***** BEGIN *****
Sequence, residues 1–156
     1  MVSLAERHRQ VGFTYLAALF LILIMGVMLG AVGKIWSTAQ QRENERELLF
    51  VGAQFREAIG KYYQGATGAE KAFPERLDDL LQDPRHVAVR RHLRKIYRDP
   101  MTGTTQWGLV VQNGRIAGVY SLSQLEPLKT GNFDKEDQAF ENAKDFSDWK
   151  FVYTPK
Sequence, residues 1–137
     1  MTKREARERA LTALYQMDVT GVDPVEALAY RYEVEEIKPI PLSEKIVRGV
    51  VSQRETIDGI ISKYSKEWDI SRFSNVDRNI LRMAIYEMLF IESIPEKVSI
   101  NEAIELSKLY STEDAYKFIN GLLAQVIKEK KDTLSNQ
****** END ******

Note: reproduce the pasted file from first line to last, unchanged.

Sequence, residues 1–156
     1  MVSLAERHRQ VGFTYLAALF LILIMGVMLG AVGKIWSTAQ QRENERELLF
    51  VGAQFREAIG KYYQGATGAE KAFPERLDDL LQDPRHVAVR RHLRKIYRDP
   101  MTGTTQWGLV VQNGRIAGVY SLSQLEPLKT GNFDKEDQAF ENAKDFSDWK
   151  FVYTPK
Sequence, residues 1–137
     1  MTKREARERA LTALYQMDVT GVDPVEALAY RYEVEEIKPI PLSEKIVRGV
    51  VSQRETIDGI ISKYSKEWDI SRFSNVDRNI LRMAIYEMLF IESIPEKVSI
   101  NEAIELSKLY STEDAYKFIN GLLAQVIKEK KDTLSNQ